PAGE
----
Hi, all experts
When I running eddy_cuda, the choices are eddy_cuda8.0 eddy_cuda9.1, but the CUDA version installed on the workstation is 10.2,
(base) [liuyc@vgpu02 ~]$ /share/apps/fsl-6.0.4/bin/eddy_cuda9.1
/share/apps/fsl-6.0.4/bin/eddy_cuda9.1: error while loading shared libraries: libcublas.so.9.1: cannot open shared object file: No such file or directory
What is the problem with this error? Are there any solutions to solve this?
The problem is similar to this one on macOS, and is one of those headaches with CUDA. I’ve no idea what OS and version you’re running on, but in general the answer is to find a matching version of the CUDA libraries built for your system, and install that. I appreciate this is a fair bit easier said than done…
Depending on the specifics of your system, you may be able to install an older version of the CUDA library alongside your main (up to date) system one – this is how I cope with this. But I’ll admit the process for doing that can be a little unorthodox – there’s no guarantees it’ll work.
If you provide more details, I might be able to point you in the right direction?
Hi Dr @jdtournier, I’m facing a similar problem, I was running dwifslpreproc perfectly for some time, last week I updated my pc and now I’m gettitng and error when running
eddy_cuda9.1: error while loading shared libraries: libcublas.so.9.1: cannot open shared object file: No such file or directory
I suppose the problem is the actual CUDA version but I don’t know how to solve it.
My OS is Ubuntu 20.04 LTS; GPU NVIDIA GEFORCE GTX 1650, CUDA version 11.2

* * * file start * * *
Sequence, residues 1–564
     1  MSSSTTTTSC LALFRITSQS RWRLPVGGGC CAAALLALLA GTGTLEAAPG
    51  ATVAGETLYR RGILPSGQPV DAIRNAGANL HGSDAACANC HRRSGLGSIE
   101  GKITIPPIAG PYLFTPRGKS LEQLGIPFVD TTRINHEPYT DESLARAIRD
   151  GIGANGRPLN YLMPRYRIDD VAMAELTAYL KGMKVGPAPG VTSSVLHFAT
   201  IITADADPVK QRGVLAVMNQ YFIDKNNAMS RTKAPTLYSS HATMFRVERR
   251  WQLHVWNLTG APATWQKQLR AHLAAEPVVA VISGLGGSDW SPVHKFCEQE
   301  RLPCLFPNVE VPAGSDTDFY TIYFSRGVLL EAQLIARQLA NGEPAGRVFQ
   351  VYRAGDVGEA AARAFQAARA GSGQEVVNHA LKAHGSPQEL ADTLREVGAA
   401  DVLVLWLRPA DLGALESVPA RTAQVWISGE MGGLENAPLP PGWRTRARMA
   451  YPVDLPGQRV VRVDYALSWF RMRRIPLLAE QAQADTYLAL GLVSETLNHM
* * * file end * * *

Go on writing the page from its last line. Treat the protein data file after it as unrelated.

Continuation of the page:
Could you help me?
Downgrade CUDA will have any problem with other programs on my pc? or is it possible to have two versions of CUDA?
Dear @Al-yhuwert ,
Welcome to the community!
The way to get this to work is to install the required CUDA library without installing the CUDA driver associated with it. In CUDA package terms, you want to install the toolkit package without any other suggested (utils / driver) packages. This will ensure that you keep the correct driver for your card, while providing the specific libraries for your application (eddy_cuda9.1).
To install the CUDA 9.1 library you can follow the instructions on this page, under the “Install CUDA toolkit” section.
Hope this helps,
Thank you Nick!
I don’t really know what I did, I updated conda and the
dwifslpreproc worked again, but using eddy_openmp. As far as I know this is slower than CUDA, that’s why I want it wworking with CUDA. I’ll try what you suggested. But, that means that I’ll keep both versions of CUDA? My ubuntu is 20.04, should it work as well?
Yes it should be a bit faster, but the real advantage of the CUDA version is that you have expanded functionality such as the slice to volume correction and movement by distortion correction. You can find out more about these here and further on that page.
Yes, you can have multiple CUDA libraries and it shouldn’t be a problem, as long as there are no driver clashes. If you want to be sure that an application only uses a particular CUDA library, you can set the PATH variable to point to that specific one. The way I understand it, is that the driver has to be OS and GPU card -specific, while libraries are application-specific. Drivers have backward compatibility with libraries, so there is no need to install the driver that comes with the library (installing the wrong driver for your graphics card and OS is usually what breaks CUDA execution most of the time).
All the best!
I got the CUDA version I needed and now
dwifslpreproc is working well and much faster than before. Thanks for your advice!